(See Part I: From winter into spring here). Citizen science is a fast-growing field, and some practitioners would like to see it become a recognized scientific method. A panel at last month’s American Association for the Advancement of Science (AAAS) annual conference in Chicago considered how to move toward “a science of citizen science.” Panelists agreed that citizen science is producing valuable information on a wide range of issues, and that it is time to start analyzing CS projects and comparing what works across different scientific disciplines.
‘Who makes knowledge? Where and how does it happen? As citizen science matures and becomes more prevalent and professionalized, researchers want to understand these questions,” said Caren Cooper, a research associate at the Cornell Laboratory of Ornithology, which manages multiple citizen science projects.
In Cooper’s view, scientists value and trust data from citizen science projects. CS data is appearing with growing frequency in studies, and authors typically do not qualify it or treat it as inferior to other data sources. By the same token, though, they often do not identify it as coming from citizen science projects. That makes it hard to quantify how many researchers are using citizen science data or what impact it has made.
The Citizen Science Association, founded in 2012, hopes to make CS more visible and professional by launching a journal and spotlighting best practices in citizen science. Those steps should make citizen science more visible and help new projects attract funding.
Several speakers at AAAS discussed the challenges of managing citizen science projects, such as encouraging participants — especially in online projects — and keeping them engaged. Typically, most participants in large-scale CS projects do relatively little work and make small contributions, while much of the input comes from a small group of more engaged players – a pattern that probably is familiar to many teachers.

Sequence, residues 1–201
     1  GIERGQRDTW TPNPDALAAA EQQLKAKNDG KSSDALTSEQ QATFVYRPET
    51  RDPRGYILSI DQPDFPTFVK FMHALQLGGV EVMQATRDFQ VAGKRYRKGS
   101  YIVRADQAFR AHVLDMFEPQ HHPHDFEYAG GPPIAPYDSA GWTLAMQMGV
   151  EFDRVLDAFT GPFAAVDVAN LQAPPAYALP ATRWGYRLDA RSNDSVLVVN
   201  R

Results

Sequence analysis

Like classroom teachers, CS project managers are trying to create learning communities. But their relationships with participants are much more distant and temporary than classroom teachers’ interactions with students. Even so, panelists said, some players in citizen science projects have called their experience transformative and said that participating helped them realize they were good at science. In some cases, participating in a citizen science project had steered people toward studying specific science topics in school. Practitioners would like to know how to make that happen for more participants.
The White House honors a dozen scientists as “Champions of Change” for creating citizen science initiatives in fields ranging from neuroscience to paleontology. As scientists grapple with challenging research problems, teachers can expect that there will be even more opportunities for students to help them.
For ways to get your students involved in citizen science projects, see our previous post Citizen Science I: From winter into spring.